Conclusions: This pre-packaging approach provides a simple, one step process to initiate microfluidics in any setting for fungal studies, bacteria-fungal interactions, and other biological inquiries. This process improves access to microfluidics for controlling biological microenvironments, and further enabling visual and quantitative analysis of fungal cultures.
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http://dx.doi.org/10.1186/s40694-019-0071-zDOI Listing
http://www.ncbi.nlm.nih.gov/pmc/articles/PMC6556955PMC
June 2019

Megaphylogeny resolves global patterns of mushroom evolution.

Nat Ecol Evol 2019 04 18;3(4):668-678. Epub 2019 Mar 18.

Synthetic and Systems Biology Unit, Biological Research Centre, Hungarian Academy of Sciences, Szeged, Hungary.

Mushroom-forming fungi (Agaricomycetes) have the greatest morphological diversity and complexity of any group of fungi. They have radiated into most niches and fulfil diverse roles in the ecosystem, including wood decomposers, pathogens or mycorrhizal mutualists. Despite the importance of mushroom-forming fungi, large-scale patterns of their evolutionary history are poorly known, in part due to the lack of a comprehensive and dated molecular phylogeny. Here, using multigene and genome-based data, we assemble a 5,284-species phylogenetic tree and infer ages and broad patterns of speciation/extinction and morphological innovation in mushroom-forming fungi. Agaricomycetes started a rapid class-wide radiation in the Jurassic, coinciding with the spread of (sub)tropical coniferous forests and a warming climate. A possible mass extinction, several clade-specific adaptive radiations and morphological diversification of fruiting bodies followed during the Cretaceous and the Paleogene, convergently giving rise to the classic toadstool morphology, with a cap, stalk and gills (pileate-stipitate morphology). This morphology is associated with increased rates of lineage diversification, suggesting it represents a key innovation in the evolution of mushroom-forming fungi. The increase in mushroom diversity started during the Mesozoic-Cenozoic radiation event, an era of humid climate when terrestrial communities dominated by gymnosperms and reptiles were also expanding.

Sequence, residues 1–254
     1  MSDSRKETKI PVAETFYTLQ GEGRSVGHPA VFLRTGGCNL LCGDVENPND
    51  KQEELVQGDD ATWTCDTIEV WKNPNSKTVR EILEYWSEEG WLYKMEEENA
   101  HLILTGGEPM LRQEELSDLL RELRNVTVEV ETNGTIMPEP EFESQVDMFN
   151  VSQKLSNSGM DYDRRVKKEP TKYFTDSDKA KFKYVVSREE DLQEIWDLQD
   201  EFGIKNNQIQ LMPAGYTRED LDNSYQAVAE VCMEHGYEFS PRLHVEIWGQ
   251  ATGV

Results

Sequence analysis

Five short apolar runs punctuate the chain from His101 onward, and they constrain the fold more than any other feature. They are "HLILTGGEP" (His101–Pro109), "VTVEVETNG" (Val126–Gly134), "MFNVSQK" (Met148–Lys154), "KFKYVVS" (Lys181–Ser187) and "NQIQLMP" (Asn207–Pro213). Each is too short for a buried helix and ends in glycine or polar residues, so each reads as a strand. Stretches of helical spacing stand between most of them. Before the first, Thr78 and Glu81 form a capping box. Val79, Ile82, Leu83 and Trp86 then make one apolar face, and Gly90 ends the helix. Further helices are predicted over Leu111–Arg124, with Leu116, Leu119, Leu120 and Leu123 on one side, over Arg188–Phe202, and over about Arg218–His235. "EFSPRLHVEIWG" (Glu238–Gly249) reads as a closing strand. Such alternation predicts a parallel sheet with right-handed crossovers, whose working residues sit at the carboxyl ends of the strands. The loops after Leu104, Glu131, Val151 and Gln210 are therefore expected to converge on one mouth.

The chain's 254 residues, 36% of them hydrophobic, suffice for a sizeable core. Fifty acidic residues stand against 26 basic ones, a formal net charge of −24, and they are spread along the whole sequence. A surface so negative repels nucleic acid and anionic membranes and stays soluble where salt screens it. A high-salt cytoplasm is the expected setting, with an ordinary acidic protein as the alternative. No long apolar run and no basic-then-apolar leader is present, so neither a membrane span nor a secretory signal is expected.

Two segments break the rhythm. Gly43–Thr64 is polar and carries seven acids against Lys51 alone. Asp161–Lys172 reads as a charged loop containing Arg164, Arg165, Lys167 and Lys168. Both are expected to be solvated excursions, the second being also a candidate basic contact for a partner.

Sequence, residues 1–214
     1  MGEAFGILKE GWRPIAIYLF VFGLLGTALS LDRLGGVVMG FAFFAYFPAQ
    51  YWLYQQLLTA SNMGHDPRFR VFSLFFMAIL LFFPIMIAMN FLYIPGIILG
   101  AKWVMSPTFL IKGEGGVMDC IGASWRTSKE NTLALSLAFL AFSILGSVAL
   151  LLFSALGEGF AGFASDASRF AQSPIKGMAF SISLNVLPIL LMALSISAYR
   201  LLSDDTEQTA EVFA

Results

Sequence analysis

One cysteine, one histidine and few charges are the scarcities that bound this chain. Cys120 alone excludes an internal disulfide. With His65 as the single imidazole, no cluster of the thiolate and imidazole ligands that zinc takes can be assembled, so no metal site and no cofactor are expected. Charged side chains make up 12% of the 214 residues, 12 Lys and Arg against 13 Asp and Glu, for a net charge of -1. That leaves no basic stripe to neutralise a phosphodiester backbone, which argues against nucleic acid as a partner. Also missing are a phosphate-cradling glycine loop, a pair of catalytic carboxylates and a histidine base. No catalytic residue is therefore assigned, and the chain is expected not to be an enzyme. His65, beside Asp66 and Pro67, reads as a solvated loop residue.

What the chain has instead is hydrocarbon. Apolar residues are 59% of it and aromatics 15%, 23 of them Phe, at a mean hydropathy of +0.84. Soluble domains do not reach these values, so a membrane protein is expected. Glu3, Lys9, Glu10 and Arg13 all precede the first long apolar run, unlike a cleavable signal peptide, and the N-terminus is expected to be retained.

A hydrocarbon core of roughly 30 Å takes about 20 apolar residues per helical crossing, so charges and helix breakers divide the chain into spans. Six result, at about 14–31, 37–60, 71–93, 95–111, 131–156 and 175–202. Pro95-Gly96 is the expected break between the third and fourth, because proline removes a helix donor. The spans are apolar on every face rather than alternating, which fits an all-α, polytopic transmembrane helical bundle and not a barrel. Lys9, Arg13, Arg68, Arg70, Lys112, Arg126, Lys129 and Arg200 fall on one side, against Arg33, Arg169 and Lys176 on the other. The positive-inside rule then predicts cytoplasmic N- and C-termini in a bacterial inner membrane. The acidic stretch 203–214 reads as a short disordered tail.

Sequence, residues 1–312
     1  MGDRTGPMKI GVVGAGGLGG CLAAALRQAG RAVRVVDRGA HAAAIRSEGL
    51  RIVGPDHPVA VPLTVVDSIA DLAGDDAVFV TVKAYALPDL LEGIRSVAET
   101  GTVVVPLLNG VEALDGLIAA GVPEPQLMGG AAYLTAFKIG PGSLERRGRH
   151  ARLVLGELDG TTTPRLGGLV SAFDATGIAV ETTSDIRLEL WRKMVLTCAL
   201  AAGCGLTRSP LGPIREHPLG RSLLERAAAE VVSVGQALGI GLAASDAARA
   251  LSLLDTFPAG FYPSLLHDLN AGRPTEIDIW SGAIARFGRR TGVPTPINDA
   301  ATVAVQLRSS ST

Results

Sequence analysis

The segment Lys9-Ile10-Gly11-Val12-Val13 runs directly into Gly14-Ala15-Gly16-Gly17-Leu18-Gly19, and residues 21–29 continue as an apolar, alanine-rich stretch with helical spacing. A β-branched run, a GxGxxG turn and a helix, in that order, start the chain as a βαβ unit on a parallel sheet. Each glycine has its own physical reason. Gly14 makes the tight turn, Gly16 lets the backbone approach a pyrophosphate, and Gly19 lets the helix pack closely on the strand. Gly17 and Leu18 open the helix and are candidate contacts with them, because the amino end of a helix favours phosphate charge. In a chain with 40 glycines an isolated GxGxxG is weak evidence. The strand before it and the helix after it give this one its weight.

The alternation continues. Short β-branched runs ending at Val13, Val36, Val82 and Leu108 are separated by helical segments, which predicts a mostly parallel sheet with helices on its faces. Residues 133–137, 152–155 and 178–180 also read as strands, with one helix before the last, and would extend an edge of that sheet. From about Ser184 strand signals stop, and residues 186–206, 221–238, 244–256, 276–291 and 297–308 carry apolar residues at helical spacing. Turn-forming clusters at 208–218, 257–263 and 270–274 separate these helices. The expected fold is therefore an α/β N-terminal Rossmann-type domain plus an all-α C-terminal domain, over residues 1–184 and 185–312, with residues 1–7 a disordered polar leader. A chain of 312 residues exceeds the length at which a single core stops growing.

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http://dx.doi.org/10.1038/s41559-019-0834-1DOI Listing
http://www.ncbi.nlm.nih.gov/pmc/articles/PMC6443077PMC
April 2019

Genome-based estimates of fungal rDNA copy number variation across phylogenetic scales and ecological lifestyles.

Mol Ecol 2019 02 6;28(4):721-730. Epub 2019 Feb 6.

Department of Plant and Microbial Biology, University of Minnesota, St. Paul, Minnesota.

Ribosomal DNA (rDNA) copy number variation (CNV) has major physiological implications for all organisms, but how it varies for fungi, an ecologically ubiquitous and important group of microorganisms, has yet to be systemically investigated. Here, we examine rDNA CNV using an in silico read depth approach for 91 fungal taxa with sequenced genomes and assess copy number conservation across phylogenetic scales and ecological lifestyles. rDNA copy number varied considerably across fungi, ranging from an estimated 14 to 1,442 copies (mean = 113, median = 82), and copy number similarity was inversely correlated with phylogenetic distance. No correlations were found between rDNA CNV and fungal trophic mode, ecological guild or genome size. Taken together, these results show that like other microorganisms, fungi exhibit substantial variation in rDNA copy number, which is linked to their phylogeny in a scale-dependent manner.
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http://dx.doi.org/10.1111/mec.14995DOI Listing